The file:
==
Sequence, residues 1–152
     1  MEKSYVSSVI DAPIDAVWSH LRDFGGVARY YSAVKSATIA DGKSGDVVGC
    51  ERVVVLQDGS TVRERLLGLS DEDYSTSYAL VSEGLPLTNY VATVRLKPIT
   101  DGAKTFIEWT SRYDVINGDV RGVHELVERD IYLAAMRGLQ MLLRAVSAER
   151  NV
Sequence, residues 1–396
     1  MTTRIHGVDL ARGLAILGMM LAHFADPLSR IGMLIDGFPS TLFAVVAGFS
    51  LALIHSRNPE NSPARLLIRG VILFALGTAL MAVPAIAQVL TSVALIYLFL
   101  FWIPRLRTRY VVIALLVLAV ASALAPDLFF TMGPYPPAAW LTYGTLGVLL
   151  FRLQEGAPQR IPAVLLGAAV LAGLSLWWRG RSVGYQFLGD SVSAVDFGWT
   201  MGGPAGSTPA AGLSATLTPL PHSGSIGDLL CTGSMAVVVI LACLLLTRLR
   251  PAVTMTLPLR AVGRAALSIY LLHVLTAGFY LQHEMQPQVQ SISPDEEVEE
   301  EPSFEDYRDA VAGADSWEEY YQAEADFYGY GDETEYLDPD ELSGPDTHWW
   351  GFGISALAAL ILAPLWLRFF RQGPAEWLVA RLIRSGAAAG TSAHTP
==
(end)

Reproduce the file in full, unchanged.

Sequence, residues 1–152
     1  MEKSYVSSVI DAPIDAVWSH LRDFGGVARY YSAVKSATIA DGKSGDVVGC
    51  ERVVVLQDGS TVRERLLGLS DEDYSTSYAL VSEGLPLTNY VATVRLKPIT
   101  DGAKTFIEWT SRYDVINGDV RGVHELVERD IYLAAMRGLQ MLLRAVSAER
   151  NV
Sequence, residues 1–396
     1  MTTRIHGVDL ARGLAILGMM LAHFADPLSR IGMLIDGFPS TLFAVVAGFS
    51  LALIHSRNPE NSPARLLIRG VILFALGTAL MAVPAIAQVL TSVALIYLFL
   101  FWIPRLRTRY VVIALLVLAV ASALAPDLFF TMGPYPPAAW LTYGTLGVLL
   151  FRLQEGAPQR IPAVLLGAAV LAGLSLWWRG RSVGYQFLGD SVSAVDFGWT
   201  MGGPAGSTPA AGLSATLTPL PHSGSIGDLL CTGSMAVVVI LACLLLTRLR
   251  PAVTMTLPLR AVGRAALSIY LLHVLTAGFY LQHEMQPQVQ SISPDEEVEE
   301  EPSFEDYRDA VAGADSWEEY YQAEADFYGY GDETEYLDPD ELSGPDTHWW
   351  GFGISALAAL ILAPLWLRFF RQGPAEWLVA RLIRSGAAAG TSAHTP